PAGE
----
By Chris Anglim, Librarian, University of St. Thomas
Along with death and taxes, the Y2K problem is inescapable. Y2K is a two-digit computer malfunction that could affect every aspect of modern life.|
In the late 1950s and early 1960s, computer programmers were searching for ways to condense information to conserve expensive memory. One technique they used was chopping off the "19" from the year, so "1965" became "65." It seemed a great solution and freed memory for more important tasks. These programmers knew their solution would not work when the year 2000 rolled over. Computers would read "00" as the year "1900," shutting them down; but the programmers believed that technology was evolving so quickly, their codes would be replaced by better methods.
Unfortunately, the programmers did not account for human nature. Instead of replacing code, users simply built onto code since it worked fine, eventually creating vast systems enveloping a doomed core of code. The code is in the center of COBOL, the business and industry computer language.
One caveat is that Y2K will arrive earlier than January 1, 2000. Programmers use specific strings of numbers to indicate the stopping point and commands. For example, they use 9/9/99 as an end-of- file command or infinity. When computers encounter the date September 9, 1999, they may freeze. The same principle applies to April 9, 1999, which is the 99th day of the 99th year. As a result, any forecasting system might fail; some have failed already in the financial industry.
The year 2000 also is an atypical leap year. Leap years are evenly divisible by four or by 400, but not by 100. Since 1998 is a leap year, the next one isn't calculated to occur until 2002. Systems using Julian dates will not recognize December 31, 2000, the 366th day of the year since it is an atypical leap year.
If the Y2K problem had affected only mainframes, as many originally thought, programmers easily would have remedied the difficulty. Unfortunately, all PCs were affected, but not Macintoshes, which use four-digit years. Thus, many companies and institutions are Y2K compliant by default.
Law libraries already should be working with their Information Technology (IT) departments to conduct a thorough assessment of the institution's present computing resources and Y2K compliance status. A Y2K assessment begins with inventories of PC and network hardware, of every custom application, and of every external data communications link. With accurate lists in hand, the institution can recognize the extent of its Y2K problem.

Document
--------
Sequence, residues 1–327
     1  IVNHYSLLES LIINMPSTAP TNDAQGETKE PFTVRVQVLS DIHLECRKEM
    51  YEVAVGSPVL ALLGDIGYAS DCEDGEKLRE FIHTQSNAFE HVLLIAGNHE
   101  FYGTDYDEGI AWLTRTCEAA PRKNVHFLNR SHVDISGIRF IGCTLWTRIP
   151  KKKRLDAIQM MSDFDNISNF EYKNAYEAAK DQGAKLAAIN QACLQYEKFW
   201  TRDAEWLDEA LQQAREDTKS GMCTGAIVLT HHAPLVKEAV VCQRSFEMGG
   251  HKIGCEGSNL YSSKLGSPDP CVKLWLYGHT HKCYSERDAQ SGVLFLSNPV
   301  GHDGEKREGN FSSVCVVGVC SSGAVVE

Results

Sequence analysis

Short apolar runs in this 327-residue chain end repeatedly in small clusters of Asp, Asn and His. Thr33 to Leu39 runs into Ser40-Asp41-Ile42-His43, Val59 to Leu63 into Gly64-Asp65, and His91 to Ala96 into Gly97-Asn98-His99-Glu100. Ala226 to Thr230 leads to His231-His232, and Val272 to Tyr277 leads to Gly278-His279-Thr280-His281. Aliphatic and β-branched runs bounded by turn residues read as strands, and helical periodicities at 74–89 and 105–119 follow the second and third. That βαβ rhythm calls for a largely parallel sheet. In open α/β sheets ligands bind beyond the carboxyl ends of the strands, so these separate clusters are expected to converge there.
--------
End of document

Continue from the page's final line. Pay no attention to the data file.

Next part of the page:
Second, ask hardware and software vendors about their Y2K compliance. Also, inquire about third party firm systems with whom your library connects on a regular basis. Request an updated written statement of every product s Y2K compliance - specifying exact models, versions, and releases.
Typically, a three-part program is effective to insure Y2K compliance: reports, facilitation, and audits. The first step of reporting consists of monthly reports of Y2K progress. Each department of the university will appoint a department liaison in charge of Y2K problems; the liaison will report to the IT department.
The second step of facilitation involves creating guidelines for determining which equipment needs to be tested. The guidelines also help to show "due diligence" later, if needed, while also avoiding unnecessary checking of systems. Possibly the most important step in a Y2K compliance program is the third, known as the component audit. This process insures that the reports match reality.
Two highly regarded utilities for testing a PC's Y2K compliance are "Norton 2000 BIOS Test/Fix for Windows 95 and Windows98 Operating Systems," and "Yes2K Version 2.04 for Windows 3.1 Operating Systems." Most versions of BIOS made since 1995, and nearly all since 1997, will handle the Y2K transition correctly. The National Standards Testing Lab (NSTL), a private testing facility, offers a free utility called "YMark2000," which you may download from http://www.nstl.com/html/nstl_y2k.html.
Commercial software that has been verified as Y2K compliant must be run on Y2K compliant hardware with a Y2K compliant operating system in order to use the correct system date. Check the manufacturers web page for information on Y2K compliance of a particular product.
Some types of software have a high rate of Y2K problems, including accounting, spreadsheet, database, utility, and operating software packages. Other types of software have a high rate of Y2K compliance, including word processing, graphics, games, backup, and zip/unzip.
The computer industry typically assigns compliance ratings with the following tags: